Last year, Australian Pork Limited made a commitment to address the gender inequality that exists within the global meat sector and closer to home, in Australia.
With March 8 marking the United Nations-led International Women’s Day, it was an appropriate time to reflect on the achievements made and cement further work in this space.
To facilitate this focus, APL has proudly joined the international networking group Meat Business Women as a country sponsor – as is Coles.
MBW was founded in the UK and over the past few years has expanded into Australia, New Zealand and Canada.
The fundamental objective of MBW is to assure sustainability of the meat sector by attracting and retaining the best possible talent.
By aligning with such a worthy organisation and providing financial and resource support, APL can further amplify and leverage the great work of MBW in Australia to generate change.
MBW states, “The beating heart of Meat Business Women is the opportunity to share valuable diverse experience and expertise at engaging events and interactive mediums.”
In support, APL ran a second Women in Pork event on International Women’s Day, with the aim of profiling some of the challenges and opportunities facing women working within the sector.
APL extends its gratitude to Coles group category manager for pork, ham and value-added meat Rosie Coldwell, Tarree Pastoral co-owner and director Karen Henwood and Rivalea Australia research scientist Dr Jessica Craig for sharing their insights and to everyone who dialled in to participate in the session.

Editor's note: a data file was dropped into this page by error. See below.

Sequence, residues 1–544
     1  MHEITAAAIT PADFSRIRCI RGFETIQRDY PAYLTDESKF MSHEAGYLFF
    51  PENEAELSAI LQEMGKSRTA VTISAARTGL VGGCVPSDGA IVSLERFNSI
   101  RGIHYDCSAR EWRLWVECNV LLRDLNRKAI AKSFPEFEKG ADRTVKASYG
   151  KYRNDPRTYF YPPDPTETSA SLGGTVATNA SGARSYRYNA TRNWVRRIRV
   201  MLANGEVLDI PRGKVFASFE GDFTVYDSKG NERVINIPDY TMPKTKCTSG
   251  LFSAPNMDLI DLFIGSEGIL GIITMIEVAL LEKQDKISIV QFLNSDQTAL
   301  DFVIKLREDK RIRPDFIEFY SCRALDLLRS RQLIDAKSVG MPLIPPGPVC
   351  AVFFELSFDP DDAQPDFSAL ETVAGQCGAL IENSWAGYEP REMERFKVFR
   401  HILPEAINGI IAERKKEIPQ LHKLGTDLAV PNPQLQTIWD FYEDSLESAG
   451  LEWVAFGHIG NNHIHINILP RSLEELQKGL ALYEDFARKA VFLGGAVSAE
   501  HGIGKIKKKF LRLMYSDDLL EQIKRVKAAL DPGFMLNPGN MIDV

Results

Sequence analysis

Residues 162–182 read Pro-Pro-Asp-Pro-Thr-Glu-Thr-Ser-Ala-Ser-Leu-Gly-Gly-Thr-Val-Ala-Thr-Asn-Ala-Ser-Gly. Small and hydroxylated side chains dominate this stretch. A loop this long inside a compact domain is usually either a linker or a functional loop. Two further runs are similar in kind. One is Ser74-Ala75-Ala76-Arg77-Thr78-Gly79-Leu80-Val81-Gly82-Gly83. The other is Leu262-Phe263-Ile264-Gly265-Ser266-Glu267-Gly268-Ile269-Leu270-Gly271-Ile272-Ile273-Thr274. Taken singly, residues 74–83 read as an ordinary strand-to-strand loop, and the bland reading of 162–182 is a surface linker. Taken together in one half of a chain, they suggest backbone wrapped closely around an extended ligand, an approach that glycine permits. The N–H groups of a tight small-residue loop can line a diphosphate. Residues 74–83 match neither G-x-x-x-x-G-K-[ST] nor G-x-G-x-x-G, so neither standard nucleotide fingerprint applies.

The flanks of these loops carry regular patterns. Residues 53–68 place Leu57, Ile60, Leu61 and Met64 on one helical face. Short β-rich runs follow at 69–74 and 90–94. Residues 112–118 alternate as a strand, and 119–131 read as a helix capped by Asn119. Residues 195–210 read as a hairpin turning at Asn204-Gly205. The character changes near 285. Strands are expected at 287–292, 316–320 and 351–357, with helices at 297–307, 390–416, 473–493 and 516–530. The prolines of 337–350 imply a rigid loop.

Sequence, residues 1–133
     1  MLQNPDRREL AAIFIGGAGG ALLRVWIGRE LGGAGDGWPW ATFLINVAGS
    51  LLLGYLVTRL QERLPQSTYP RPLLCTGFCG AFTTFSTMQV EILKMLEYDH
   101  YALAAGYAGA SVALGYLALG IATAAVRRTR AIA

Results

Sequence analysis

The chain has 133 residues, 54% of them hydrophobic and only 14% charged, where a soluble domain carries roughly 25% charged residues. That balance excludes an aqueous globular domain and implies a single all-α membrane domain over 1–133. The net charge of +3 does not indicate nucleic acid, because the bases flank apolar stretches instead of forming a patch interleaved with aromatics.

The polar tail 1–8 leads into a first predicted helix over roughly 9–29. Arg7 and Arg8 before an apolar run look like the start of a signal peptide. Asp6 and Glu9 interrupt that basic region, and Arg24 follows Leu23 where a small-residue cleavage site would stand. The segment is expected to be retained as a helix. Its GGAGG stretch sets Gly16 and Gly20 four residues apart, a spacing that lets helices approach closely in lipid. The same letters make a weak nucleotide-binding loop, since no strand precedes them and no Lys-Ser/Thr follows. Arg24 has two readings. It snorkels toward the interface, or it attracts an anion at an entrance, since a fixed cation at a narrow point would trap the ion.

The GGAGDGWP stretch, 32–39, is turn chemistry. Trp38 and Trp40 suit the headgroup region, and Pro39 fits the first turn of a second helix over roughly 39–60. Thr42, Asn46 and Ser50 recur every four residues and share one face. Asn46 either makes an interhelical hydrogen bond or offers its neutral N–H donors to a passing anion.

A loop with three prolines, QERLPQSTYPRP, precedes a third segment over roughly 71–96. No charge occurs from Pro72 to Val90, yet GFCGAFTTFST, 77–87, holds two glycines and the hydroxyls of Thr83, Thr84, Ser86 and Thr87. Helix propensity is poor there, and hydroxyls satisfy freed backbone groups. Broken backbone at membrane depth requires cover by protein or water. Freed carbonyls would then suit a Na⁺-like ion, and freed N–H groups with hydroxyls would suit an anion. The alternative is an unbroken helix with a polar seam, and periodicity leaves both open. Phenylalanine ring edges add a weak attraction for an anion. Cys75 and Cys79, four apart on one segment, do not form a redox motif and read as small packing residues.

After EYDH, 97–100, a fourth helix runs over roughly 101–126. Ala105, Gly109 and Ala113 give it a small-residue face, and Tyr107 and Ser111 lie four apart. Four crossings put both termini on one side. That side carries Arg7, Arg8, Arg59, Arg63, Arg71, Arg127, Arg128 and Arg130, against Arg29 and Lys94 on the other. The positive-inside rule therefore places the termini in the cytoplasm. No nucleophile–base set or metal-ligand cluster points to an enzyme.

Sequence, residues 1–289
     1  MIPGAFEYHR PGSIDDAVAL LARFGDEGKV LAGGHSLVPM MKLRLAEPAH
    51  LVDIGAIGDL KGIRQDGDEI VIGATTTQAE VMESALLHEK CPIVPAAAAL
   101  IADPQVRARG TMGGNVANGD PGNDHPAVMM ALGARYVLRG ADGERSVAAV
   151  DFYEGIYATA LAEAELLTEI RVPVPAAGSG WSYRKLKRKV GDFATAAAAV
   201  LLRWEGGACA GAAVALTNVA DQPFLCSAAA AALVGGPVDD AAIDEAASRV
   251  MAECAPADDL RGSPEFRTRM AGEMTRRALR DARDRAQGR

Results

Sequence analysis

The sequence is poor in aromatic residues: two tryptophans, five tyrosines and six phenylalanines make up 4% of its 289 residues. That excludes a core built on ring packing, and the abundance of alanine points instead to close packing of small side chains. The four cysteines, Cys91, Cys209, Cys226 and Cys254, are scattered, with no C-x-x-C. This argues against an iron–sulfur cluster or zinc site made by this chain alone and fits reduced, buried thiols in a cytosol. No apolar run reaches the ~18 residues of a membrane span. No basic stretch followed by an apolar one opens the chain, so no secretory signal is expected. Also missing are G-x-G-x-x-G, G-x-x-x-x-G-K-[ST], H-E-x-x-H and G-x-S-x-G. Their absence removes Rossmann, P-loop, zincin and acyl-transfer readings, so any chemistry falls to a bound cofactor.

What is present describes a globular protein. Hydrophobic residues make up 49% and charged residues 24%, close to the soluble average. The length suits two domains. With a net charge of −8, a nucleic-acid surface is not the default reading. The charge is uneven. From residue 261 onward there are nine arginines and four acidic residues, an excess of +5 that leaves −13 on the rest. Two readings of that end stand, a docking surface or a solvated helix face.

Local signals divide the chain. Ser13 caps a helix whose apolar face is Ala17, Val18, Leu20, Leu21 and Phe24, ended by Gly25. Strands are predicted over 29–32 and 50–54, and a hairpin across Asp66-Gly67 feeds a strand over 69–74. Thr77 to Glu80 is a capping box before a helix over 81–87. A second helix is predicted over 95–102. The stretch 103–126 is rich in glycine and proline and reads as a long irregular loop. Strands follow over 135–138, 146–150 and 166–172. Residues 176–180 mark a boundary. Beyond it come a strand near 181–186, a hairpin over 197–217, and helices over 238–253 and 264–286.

Late last year, APL ran a leaders workshop through the Livestock Collective – bringing together a group of 14 people who work throughout the supply chain to equip them with the key skills needed to deliver their stories in a public platform.
This was essentially to share real sector stories with the wider community, so more informed opinions could be formulated and therefore decisions made about the role the Australian pork sector plays in Australia. APL ensured the group was balanced in terms of gender and age with the intent of supporting the talent and skills of the women within this group, in order to raise awareness of career opportunities in the pork sector and highlight female role models.
APL also reflected on its own internal policies and has increased the number of weeks included in its maternity policies.
APL will continue to drive change from the inside out where possible and advocate for the many women who are and will be working within the pork industry.